Advanced Aviation Weather Technologies: Keeping Us Safe in the Sky

An airplane being deiced
Apr. 16, 2016

4:00 – 5:30 pm MDT


To keep flights safe, it's essential to give pilots and air traffic controllers accurate weather information. In this presentation Bruce Carmichael will discuss aviation technologies that NSF NCAR is working on that are keeping us safe in the sky. He will talk about how aviators deal with such hazards as thunderstorms, turbulence, icing, and winter weather. As the science and technology to detect and forecast these hazards improves, we are able to remain safe while being more efficient through the use of airspace that might previously have been avoided. Higher resolution, more accurate weather information allows us to avoid hazards without making as wide a berth of the events. From this we can maintain safety margins, save fuel, emit less greenhouse gas, and better utilize the precious capacity of our airports and airspace.

Bruce Carmichael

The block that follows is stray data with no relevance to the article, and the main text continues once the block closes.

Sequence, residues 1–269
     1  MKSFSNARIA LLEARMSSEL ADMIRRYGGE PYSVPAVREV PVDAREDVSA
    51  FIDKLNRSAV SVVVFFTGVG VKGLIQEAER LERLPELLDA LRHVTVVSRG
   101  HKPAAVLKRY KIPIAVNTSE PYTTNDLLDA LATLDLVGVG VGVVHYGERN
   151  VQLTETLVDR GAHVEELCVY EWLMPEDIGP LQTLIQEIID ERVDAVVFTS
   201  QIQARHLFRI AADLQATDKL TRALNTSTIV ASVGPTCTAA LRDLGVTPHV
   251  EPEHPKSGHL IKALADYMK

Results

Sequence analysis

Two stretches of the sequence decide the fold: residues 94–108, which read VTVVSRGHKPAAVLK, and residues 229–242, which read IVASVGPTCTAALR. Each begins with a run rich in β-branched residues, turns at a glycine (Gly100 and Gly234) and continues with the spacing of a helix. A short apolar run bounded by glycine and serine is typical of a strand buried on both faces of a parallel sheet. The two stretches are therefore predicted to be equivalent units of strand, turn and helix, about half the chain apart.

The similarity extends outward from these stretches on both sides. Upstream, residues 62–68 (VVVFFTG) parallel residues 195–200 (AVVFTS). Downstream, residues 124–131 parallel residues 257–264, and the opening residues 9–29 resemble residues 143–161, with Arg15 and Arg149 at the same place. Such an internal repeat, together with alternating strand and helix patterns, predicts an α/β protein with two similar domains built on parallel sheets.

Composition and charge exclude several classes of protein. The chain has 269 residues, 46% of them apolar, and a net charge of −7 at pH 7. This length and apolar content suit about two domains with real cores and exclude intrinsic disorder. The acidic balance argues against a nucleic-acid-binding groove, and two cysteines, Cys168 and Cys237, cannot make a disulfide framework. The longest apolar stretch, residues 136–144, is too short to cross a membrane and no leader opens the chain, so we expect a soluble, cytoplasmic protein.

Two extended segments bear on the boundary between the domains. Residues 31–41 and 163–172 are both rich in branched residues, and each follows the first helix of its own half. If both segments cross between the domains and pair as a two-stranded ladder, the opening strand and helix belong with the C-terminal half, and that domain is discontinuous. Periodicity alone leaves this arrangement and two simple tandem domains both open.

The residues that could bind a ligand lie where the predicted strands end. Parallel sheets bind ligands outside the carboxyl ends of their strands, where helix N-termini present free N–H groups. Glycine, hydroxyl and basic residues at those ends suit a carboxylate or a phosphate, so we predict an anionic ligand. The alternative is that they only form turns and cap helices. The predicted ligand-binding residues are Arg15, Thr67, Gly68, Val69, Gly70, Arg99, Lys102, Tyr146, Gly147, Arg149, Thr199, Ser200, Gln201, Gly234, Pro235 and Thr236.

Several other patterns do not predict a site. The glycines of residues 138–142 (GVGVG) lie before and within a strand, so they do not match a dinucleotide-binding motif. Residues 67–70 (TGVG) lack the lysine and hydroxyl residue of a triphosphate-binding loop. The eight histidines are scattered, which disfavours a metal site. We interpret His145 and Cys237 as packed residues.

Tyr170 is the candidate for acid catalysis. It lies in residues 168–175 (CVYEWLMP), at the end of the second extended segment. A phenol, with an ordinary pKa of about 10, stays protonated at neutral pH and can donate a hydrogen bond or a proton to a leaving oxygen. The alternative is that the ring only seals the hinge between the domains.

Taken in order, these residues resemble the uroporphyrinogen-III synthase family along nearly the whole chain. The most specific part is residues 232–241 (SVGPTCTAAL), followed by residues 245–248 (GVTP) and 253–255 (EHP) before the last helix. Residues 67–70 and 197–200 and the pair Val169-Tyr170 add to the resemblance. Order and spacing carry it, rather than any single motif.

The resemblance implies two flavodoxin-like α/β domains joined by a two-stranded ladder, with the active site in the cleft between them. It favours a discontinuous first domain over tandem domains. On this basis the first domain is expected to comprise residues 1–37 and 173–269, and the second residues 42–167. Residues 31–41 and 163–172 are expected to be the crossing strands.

Research Applications Laboratory, NSF NCAR

Bruce Carmichael serves as program director of the Aviation Applications Program at NSF NCAR. This program is working to improve weather information for pilots, dispatchers, and controllers, particularly related to the hazards of thunderstorms, turbulence, icing, winter weather, and ceiling/visibility. He has also been involved in system engineering of improved FAA automation and weather systems. For the past 32 years he has been involved with the aviation industry in automation of maintenance processes, air traffic control, and weather information. His professional life includes 43 years of experience spanning a number of activities including university teaching, commercial research, government service, consulting, and academic research.   

He has served on the JPDO Weather IPT as the co-lead of the Forecasting Group, the FAA Research, Engineering, and Development Advisory Committee ATM/Weather Integration Study Group, and currently serves as chairman of the NBAA Weather Committee and a member of the RTCA Task Force on Midterm NextGen Implementation. For the past 11 years he has coordinated the Friends/Partners in Aviation Weather activity, a grass roots government/industry group which brings together the weather provider community and diverse user community to discuss topics of common interest. He holds a B.S. from the University of New Mexico in mathematics, an M.S. from Northwestern University in applied mathematics and a Ph.D. from the University of Maryland in computer science. Carmichael is also an active commercial instrument-rated pilot with over 34 years of flight experience.

Recorded Lecture